Help of the helpless is always available to those who trust and obey God. HIS arm is strong enough to deliver therefore trust in HIS help.
Help of the helpless is assured at both spiritual and mundane levels but it is predicated on obedience, trust and timeliness in regard to man and God as well as relationship between a person or persons and others. Here is a moral lesson to be learnt from this old school exhortation about a boy whose life was saved as a result of his absolute obedience. The kid found himself on a rail track and was frozen with fear before an on-coming train. No one dared to run to pull him out of danger. the only help that came was a shout of “Lie down”. The kid obeyed instantly without questioning. He laid there motionless because he was too afraid to move. In no time , the train rolled by and people ran to fetch him with unqualified joy. The instruction that asked him to lie down and his attendant obedience saved his life. in other words, it is help of the helpless.
In ll King 13: 1-6, (NKJV) there was another scenario of helplessness and appeal to God brought deliverance. Put in perspective, “In the twenty-third year of Joash the son of Ahaziah, king of Judah, Jehoahaz the son of Jehu became king over Israel in Samaria and reigned seventeen years”. He followed the evil ways of his predecessors. The acts of Jehoahaz angered God and delivered his kingdom into the hand of Hazel king of Syria. Jehoahaz’s army was reduced to rubbles and became absolutely helpless. He had to appeal to the God of Israel who was yesterday, today and will forever be. throughout the history of mankind, it has always been difficult for man to learn from the mistakes of their ancestors. One would surmise that God’s covenant with the patriarchs would have given the Israelites assurance and cogent reason never to serve any other God but Yahweh. It is believed that it was the covenant that made God to agree to save Israel according to ll King 13: 4-5. However, Jehoahaz had to appeal in obedience to God. “So Jehoahaz pleaded with the Lord, and the Lord listened to him; for HE saw the oppression of Israel, because the king of Syria oppressed them. Then the Lord gave Israel a deliverer, so that they escaped under the hand of the Syrians; and the children of Israel dwelt in their tents as before”. Help will always be made available to those who ardently seek God’s help. Mankind needs to trust and obey.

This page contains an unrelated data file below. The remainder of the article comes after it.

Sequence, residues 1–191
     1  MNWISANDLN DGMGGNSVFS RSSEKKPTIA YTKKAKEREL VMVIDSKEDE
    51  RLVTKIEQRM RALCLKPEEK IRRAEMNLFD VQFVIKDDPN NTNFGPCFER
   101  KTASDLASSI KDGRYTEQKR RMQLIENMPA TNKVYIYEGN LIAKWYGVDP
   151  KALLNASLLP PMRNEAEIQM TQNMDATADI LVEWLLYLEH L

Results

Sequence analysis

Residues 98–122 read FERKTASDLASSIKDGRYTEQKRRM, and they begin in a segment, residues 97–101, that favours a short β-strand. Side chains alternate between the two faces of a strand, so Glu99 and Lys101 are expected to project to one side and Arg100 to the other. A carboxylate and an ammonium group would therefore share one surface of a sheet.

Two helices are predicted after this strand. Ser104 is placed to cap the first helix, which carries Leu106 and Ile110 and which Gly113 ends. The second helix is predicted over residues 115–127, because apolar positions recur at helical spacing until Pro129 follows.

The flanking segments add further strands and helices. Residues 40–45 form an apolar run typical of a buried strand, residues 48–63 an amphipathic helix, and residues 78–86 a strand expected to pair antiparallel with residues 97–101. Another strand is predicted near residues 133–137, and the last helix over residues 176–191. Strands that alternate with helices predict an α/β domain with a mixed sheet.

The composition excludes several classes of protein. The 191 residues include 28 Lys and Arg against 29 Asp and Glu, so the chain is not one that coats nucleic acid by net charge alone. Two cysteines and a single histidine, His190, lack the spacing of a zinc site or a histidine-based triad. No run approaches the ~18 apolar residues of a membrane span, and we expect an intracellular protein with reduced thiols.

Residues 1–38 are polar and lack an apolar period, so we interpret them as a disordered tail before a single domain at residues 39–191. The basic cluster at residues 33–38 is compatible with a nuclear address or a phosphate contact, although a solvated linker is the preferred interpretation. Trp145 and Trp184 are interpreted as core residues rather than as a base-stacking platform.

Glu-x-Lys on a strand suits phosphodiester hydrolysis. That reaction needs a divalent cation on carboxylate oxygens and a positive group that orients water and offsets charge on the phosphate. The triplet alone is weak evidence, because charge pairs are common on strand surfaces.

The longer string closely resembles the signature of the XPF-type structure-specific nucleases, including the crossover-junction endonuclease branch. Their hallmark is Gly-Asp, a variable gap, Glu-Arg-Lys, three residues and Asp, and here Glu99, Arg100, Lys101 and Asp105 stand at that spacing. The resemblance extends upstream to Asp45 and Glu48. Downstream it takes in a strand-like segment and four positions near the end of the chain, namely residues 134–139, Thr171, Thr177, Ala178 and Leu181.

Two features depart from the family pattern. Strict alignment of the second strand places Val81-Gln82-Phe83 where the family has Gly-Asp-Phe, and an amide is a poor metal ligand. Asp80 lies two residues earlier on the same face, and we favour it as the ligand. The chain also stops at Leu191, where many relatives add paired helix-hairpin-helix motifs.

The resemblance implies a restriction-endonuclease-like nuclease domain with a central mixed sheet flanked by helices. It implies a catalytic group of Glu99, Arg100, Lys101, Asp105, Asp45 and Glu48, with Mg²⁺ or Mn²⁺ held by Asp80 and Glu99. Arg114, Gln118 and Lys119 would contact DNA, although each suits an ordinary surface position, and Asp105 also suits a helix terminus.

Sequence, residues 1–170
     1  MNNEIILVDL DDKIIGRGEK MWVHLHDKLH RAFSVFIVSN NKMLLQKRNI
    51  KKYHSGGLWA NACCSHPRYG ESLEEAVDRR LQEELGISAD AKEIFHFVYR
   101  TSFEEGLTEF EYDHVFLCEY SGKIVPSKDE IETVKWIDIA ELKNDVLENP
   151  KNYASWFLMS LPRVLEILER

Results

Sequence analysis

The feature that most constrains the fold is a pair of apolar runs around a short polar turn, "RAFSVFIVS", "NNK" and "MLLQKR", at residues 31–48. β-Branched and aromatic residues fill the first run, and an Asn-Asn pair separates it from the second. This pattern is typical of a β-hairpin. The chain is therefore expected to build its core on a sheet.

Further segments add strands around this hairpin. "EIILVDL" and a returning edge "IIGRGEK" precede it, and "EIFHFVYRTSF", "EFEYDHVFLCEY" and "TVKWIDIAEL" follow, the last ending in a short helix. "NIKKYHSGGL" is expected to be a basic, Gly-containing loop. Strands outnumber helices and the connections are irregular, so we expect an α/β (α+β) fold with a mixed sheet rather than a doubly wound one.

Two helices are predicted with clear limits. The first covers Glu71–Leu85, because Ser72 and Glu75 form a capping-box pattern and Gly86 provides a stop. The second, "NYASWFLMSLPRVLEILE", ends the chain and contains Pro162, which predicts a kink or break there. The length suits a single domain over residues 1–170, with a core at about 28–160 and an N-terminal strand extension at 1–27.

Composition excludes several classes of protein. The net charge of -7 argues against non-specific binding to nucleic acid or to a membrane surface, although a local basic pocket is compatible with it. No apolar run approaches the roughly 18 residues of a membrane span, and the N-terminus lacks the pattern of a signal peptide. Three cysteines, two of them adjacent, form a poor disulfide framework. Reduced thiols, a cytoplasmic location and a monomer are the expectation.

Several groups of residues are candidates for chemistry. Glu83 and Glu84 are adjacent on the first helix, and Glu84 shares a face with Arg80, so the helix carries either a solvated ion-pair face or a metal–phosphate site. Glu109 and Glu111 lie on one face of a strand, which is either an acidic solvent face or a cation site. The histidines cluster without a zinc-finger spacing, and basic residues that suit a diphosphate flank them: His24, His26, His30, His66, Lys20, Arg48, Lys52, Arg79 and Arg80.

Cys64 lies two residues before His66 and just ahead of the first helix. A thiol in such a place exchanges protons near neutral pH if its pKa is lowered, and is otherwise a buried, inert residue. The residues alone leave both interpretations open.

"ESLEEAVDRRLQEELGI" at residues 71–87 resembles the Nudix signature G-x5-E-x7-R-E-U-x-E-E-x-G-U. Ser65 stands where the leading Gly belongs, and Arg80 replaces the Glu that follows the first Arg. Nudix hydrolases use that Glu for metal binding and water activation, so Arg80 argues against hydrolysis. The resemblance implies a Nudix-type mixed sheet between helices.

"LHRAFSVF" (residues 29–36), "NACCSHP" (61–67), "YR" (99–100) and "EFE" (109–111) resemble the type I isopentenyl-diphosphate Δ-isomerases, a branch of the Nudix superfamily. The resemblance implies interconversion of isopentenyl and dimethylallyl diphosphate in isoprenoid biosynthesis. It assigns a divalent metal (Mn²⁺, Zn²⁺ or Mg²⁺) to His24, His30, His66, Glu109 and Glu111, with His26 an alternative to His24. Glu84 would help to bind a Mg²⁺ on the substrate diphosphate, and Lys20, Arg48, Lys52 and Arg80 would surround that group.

God is love and universal in scope. HE actually loves all whether Jew or gentile. The whole peoples of the world are His. God has no time for checking credentials to ascertain being Jew or Christian or any other religions of the world. In this part of the ongoing series on LOVE, God’s divine love was extended to Naaman, commander of the army of Syria. Syria at the time was enjoying victory over Israel, or seen as ‘enemy combatant’ that was not at peace with the people of God. The king of Syria, through the assurance of the captive girl from Israel sent Naaman to Prophet Elisha who only instructed thus: “Go and wash in the Jordan seven times, and your flesh shall be restored to you and you shall be clean.”
Naaman thought Elisha was rude for not considering his status but was persuaded to do what the man of God directed him to do. In the end, he got completely healed. Pride and anger nearly deprived him of God’s divine love which was not up for grab or to the highest bidder. The steadfast love of the Lord never ceases but it behoves us to obediently tap into this fountain of God’s compassionate love that transcends color or creed. Naaman realized the greatness of the God of Israel that has no equal in all gods in the world. ll King 5: 1-27
God’s love is from generation to generation. The trio of Abraham, Isaac and Jacob demonstrated a two-way love cord that connected the three patriarchs to God’s love. It is highly significant in the life of Jacob, later called Israel. He became the father of the twelve tribes of Israel. The patriarchs all loved, trusted, worshipped and obeyed God. Even while they, the Israelites were in Egypt for 450 years in bondage, God never forgot his love bond with the lineage of the patriarchs. In his divine love, God saw the afflictions of His people – the Hebrews – and orchestrated their release from bondage. He used Moses, a Hebrew child but brought up as a prince of Egypt in all their arts and culture to effect God’s will. With filial love for the Hebrews he met out instant justice to a wicked Egyptian task-master and became a fugitive in the land of Midian for 40 years.
God commissioned him to go and secure the release of the children of Israel from bondage. In love God took them to the promised land but got rid of the disobedient generation that left Egypt before settling down in the land of Canaan. Armament in war does not ensure victory, rather God’s mysterious hand upon Israel brought down the walls of Jericho – a highly dreaded and fortified city – all because of obedience to the war strategies God gave them. Divine love when sustained conquers fear, defeat and sorrow in the life of man.